the software tools used to take a product through design, analysis and
manufacturing, and through other development disciplines throughout the supply
chain, enabling companies to effect a coherent standards policy, the backbone of
Design for Six Sigma.
Lean Manufacturing has already proved that significant savings can be made in
cost and time by focussing on process performance. The aim of Lean Design is to
eradicate wasteful processes in the design of a product before it even reaches
the factory, and complements lean manufacturing.
The problem lies, however, in identifying those areas that contribute to the
waste in product development – far more elusive than those in manufacturing. A
recent survey undertaken by UGS of Tier 1 automotive suppliers provided some
areas where waste has been identified, besides those designs that are thrown
into the bin before they are completed (a frighteningly large number, I would
suspect). Documentation accounted for up to half the waste – the production of
unnecessary documents and downtime while finding information and waiting for
test results – amounting to a whopping 33-50%! Under-utilisation of design
knowledge contributed 18% and designing in features customers didn’t need a
further 8%. Validating manufacturing errors early on in the design process, and
poor designs came to 17% and 15% respectively. All of these have corresponding
areas of waste in manufacturing.
Whilst, obviously, stressing that the utilisation of a Managed Development
Environment to capture and store data centrally, to implement more efficient
working processes, and to re-utilise engineering knowledge, goes a long way
towards providing a Lean Design solution, UGS suggest a short period of
self-assessment of shortcomings in the areas listed above wouldn’t come amiss,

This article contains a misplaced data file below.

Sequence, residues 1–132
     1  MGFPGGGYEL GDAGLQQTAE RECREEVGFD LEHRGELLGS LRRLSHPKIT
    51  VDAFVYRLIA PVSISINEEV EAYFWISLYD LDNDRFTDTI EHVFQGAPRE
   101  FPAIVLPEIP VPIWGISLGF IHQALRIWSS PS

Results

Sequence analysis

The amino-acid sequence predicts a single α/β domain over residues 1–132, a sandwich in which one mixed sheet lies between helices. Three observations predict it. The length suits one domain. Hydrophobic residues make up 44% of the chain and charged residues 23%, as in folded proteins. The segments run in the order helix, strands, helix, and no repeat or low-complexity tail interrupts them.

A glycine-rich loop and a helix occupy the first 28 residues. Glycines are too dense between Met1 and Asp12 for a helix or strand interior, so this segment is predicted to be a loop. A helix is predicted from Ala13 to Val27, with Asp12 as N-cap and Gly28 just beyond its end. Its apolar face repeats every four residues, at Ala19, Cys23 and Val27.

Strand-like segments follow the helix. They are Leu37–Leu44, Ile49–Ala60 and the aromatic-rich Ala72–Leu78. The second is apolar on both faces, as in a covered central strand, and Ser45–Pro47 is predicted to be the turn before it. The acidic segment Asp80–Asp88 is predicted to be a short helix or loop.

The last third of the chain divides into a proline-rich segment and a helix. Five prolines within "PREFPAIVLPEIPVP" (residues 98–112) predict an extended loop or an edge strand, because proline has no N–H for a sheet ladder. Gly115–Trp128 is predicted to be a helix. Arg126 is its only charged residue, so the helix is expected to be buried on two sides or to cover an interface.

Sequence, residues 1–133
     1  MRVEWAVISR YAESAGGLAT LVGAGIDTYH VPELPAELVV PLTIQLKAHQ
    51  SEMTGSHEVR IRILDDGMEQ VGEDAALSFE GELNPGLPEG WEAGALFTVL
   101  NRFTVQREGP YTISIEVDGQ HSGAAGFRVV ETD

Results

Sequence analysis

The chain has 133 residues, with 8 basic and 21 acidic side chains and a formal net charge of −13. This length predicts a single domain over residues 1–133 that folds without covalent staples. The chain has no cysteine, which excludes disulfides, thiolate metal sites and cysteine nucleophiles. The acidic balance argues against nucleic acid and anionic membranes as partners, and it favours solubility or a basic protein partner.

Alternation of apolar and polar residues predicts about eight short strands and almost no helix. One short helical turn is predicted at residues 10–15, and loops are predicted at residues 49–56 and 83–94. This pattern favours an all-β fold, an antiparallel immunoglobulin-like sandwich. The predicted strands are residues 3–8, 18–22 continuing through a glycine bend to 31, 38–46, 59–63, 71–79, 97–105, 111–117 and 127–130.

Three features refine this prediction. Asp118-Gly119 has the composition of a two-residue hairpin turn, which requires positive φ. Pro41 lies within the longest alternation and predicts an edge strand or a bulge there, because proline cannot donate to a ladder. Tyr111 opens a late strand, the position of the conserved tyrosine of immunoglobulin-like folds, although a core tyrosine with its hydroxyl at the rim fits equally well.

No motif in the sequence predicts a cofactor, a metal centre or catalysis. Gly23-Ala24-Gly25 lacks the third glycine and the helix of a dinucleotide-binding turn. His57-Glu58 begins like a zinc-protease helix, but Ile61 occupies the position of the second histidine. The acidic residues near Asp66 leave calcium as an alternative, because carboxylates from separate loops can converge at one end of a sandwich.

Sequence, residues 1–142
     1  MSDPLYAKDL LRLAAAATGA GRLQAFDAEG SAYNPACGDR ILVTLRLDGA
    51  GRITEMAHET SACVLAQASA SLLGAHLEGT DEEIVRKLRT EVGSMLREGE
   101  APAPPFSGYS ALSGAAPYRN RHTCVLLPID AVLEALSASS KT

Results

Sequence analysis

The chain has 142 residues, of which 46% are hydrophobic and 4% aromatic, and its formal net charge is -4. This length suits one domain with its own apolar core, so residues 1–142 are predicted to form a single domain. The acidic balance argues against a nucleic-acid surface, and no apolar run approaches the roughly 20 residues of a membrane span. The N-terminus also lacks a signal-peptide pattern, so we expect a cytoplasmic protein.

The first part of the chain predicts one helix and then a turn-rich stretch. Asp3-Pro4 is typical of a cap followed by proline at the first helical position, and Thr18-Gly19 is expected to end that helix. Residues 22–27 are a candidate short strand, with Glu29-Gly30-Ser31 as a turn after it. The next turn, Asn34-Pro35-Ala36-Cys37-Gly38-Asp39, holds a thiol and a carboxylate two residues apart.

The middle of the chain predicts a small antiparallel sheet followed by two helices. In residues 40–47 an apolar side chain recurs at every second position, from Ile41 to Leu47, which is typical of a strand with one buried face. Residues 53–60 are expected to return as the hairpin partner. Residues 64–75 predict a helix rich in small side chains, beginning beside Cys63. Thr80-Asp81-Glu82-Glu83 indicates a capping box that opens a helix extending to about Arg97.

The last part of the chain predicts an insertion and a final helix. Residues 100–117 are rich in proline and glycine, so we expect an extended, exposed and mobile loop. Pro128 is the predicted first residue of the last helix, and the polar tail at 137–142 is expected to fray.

prior to implementing a possible solution!
Design for Six Sigma
Six Sigma is all about quality. By understanding what customers value in a
product, and by designing to those standards, a company can be relatively
assured of success. Design for Six Sigma provides a systematic way of
incorporating important customer requirements that can be measured, verified and
optimised into the product development process, which can be tested against
The ideal product is one that manages to balance possibly conflicting
attributes, such as cost, quality, performance and aesthetics, and the aim of
DFSS is to manage the variability of each of these and to improve the
predictability and capability of the design process to achieve that aim.
Recognising that all product development processes are inherently unpredictable,
producing products that fall within a band of performance, Six Sigma has devised
a method (DMAIC – Define, Measure, Analyse, Improve and Control) to improve a
product or process that is not performing adequately.
Six Sigma is more of a methodology than an exact science, and starts out by
using some hazy assumptions, which are gradually refined until a defineable set
of customer requirements take shape. IT then focuses on these requirements,
converting them into positive steps that can be undertaken to improve the
All of the foregoing sounds wholly admirable, and critically important for any
company bent on improving its productivity, but it invokes quite understandable
fears about the effort and the costs needed to implement such a solution.
Instead of hiring expensive consultants to programme and set up a system that
will integrate all of the programs and processes, it would be preferable to have
a simpler facility in-house that could accomplish the task.
This can be found in NX Process Studio, a set of Wizards that enables users with
little or no specialist training, to automate standard processes. It combines
UGS’software and best practice knowledge into a managed methodology, that
captures and facilitates the use of repeatable tasks.
Process Studio uses NX Knowledge Fusion, a rules engine, to delve into UGS’
flexible product modelling tools, together with its CAE and CAM capabilities,
leveraging the software to streamline the workflow, and reducing the effort and
risks associated with repeatable processes.
Process Studio is supplemented by Simulation Process Studio, which performs a
similar function for digital simulation, a process used to evaluate product
performance during the design stage, enabling corrective design decisions to be
made on a more informed basis, earlier on in the design process.
Both NX Process Studio and NX Simulation Process Studio are self-documenting,
providing an effective means of implementing process standards and supporting
best practice implementations – the key elements of Lean Design and Design for
After all – this is what Managed Product Development is all about!
Click here for a Print Friendly Version